Following on from Diet Principles #2: Metabolic Adaptation we are now going to look at macronutrients. Macronutrients are a very important factor when it comes to nutrition. Although calories in vs calories out is the fundamental principle to losing/maintaining/gaining weight, macronutrients come into play to aid in muscle growth, feeling fuller for longer and many other health benefits.
What are macronutrients?
So what are macronutrients? Macronutrients are nutrients that are required in large quantities. These nutrients are needed for growth, energy provision and other body functions. They are essential to carry out the activities of daily life. There are 3 macronutrients – these are carbohydrates, proteins and fats.
You may have heard of If It Fits Your Macros (IIFYM) and this is essentially eating foods that meet a predetermined amount that has been set for each of these macronutrients. This has become a very popular ‘dieting’ trend which is actually very good and does not restrict types of food. A full article will be posted in the near future looking deeper into IIFYM.
Macronutrients give our bodies energy. The amount of energy supplied varies between each of these three macronutrients – Carbohydrates and proteins each provide 17kJ per gram whereas fats provide 37kJ per gram. This translates to about 4kcals per gram and 9kcals per gram respectively. We would typically look at these measurements using the kcals unit as this makes it easier for tracking.
When on a nutrition plan the intake of each of these macronutrients is often split into percentages. Just what percentages these are vary depending on goals. An example of this coule be of an active teenager who is burning 2500kcals of energy per day and therefor needs to eat atleast this amount to maintain bodyweight. With no other goal than to maintain bodyweight his macronutrients could be split into 55% carbohydrates, 30% fats and 15% protein. This would leave our active teenager eating around 344g of carbohydrates, 83g of fats and 94g of protein.
As mentioned before the percentages vary depending on ones goals. A bodybuilder for example will require a much larger protein intake to aid in muscle recovery and therefore carbohydrates or fats usually then have to take a fall.
Why do we need carbohydrates?
Carbohydrates are typically required in the largest amounts. Whean eaten and broken down within our bodies, carbohydrates provide the major source of energy to help fuel our daily lives. Some carbohydrates that we consume are stored as glycogen within our livers and muscles as a kind of reserve for our bodies to use later if needed.
Why do we need proteins?
Proteins consumed in our daily diets are broken down into what’s known as amino acids. The body then uses these amino acids in a few different ways. One way it uses these amino acids is to grow and repair tissue (hence why we need to eat more when weight training and trying to increase muscle size). These amino acids can also be used as an energy source. Finally they can be used as starting materials for the production of other compounds needed by the body.
All proteins within the body are made up of up to 20 different amino acids. 8 of which are often described as ‘essential’ amino acids which means that the food we eat must contain proteins capable of supplying these. The others can be synthesised by the liver if not included in our diets. Protein that is drawn from animal sources within our diets contain all the essential amino acids. Plant sourced proteins however do not. By eating a variety of plant sources, the amino acids can be supplied, however.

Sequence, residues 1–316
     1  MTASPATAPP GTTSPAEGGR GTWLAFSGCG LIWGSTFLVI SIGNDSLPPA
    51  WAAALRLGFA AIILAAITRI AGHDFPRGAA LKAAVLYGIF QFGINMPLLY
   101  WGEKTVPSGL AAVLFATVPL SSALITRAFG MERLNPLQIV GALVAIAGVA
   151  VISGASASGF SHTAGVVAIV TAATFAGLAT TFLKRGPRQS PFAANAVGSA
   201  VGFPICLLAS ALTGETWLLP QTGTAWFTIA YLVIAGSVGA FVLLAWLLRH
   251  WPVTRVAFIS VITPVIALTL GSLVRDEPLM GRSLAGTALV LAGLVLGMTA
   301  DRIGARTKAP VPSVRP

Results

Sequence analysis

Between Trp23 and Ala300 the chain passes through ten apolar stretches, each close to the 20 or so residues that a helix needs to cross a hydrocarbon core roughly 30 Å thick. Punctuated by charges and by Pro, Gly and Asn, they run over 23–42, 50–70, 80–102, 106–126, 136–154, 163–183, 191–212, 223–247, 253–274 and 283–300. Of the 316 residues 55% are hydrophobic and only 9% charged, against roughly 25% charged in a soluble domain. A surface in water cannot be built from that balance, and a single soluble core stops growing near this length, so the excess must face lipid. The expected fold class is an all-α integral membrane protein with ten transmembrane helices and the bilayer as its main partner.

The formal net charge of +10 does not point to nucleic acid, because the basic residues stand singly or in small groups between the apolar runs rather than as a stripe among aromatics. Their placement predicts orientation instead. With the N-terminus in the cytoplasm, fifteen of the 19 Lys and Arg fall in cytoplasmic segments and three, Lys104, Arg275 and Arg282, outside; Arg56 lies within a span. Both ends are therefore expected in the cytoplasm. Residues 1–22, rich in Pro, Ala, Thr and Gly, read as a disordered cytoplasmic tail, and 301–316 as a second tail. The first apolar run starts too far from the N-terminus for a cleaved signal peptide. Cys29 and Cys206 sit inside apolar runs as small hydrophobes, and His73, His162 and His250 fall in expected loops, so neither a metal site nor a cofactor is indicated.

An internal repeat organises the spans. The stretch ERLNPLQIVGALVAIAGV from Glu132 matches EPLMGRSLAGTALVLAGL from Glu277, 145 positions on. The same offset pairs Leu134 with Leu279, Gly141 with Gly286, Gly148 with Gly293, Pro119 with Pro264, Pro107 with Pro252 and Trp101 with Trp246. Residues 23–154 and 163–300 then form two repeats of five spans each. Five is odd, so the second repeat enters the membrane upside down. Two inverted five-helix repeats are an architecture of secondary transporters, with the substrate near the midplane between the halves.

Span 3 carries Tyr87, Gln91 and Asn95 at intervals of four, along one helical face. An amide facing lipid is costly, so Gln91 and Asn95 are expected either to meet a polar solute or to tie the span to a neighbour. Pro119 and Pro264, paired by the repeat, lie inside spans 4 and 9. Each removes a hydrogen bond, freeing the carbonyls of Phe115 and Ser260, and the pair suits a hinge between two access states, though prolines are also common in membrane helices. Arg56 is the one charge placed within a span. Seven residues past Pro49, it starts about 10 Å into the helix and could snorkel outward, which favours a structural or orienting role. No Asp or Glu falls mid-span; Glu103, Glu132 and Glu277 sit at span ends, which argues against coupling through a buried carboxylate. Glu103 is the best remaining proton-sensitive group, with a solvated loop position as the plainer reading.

Why do we need fats?
Fats. Negative connotations are probably already gathering in your head when you hear the word. Despite the false bad reputation of fats, they are essential for health and wellbeing. In addition to supplying energy fats also supply fatty acids that the body is unable to produce on its own (omega-3 for example), assist with absorption of the fat-soluble vitamins A, D, E and K and carotenoids and also provides food with that delicious flavour and texture.
There are 3 main types of dietary fats; saturated, unsaturated and trans. Saturated fats are found in foods such as meat, butter and cream (animal sources). Unsaturated fats are found in the likes of olive oil, avocados, nuts etc (plant based sources). Trans are typically found within comercially produced baked goods, snack foods, fast foods and some margarines.
Fats are not as bad as they seem, but the wrong types in copious amounts has been shown to lead to heart disease. It is typically said that replacing saturated and trans fats with unsaturated fats can help decrease the risk of heart disease.
It is recommended that 20-35% of our daily energy intakes should be made up of fats. This again is for the average person and varies dependant on your individual goals. Fats should definitely not be neglected from your nutrition.
I hope this article has helped to de-mystify macronutrients for you and help you in achieving your goals. We have broken down the 3 macronutrients and had a look at why each are important in our daily diets. Again as mentioned throughout, the macronutrient ratio is entirey dependent on goals and even each individual. For example when it comes to weight loss – some people actually react better to a higher fat, lower carbohydrate ratio and vice versa. This is where experimentation needs to take place and just overall getting to know your body and what works best for it.
In the next Diet Principles article we will be taking a look at Micronutrients. Keep an eye on our social media platforms for updates!
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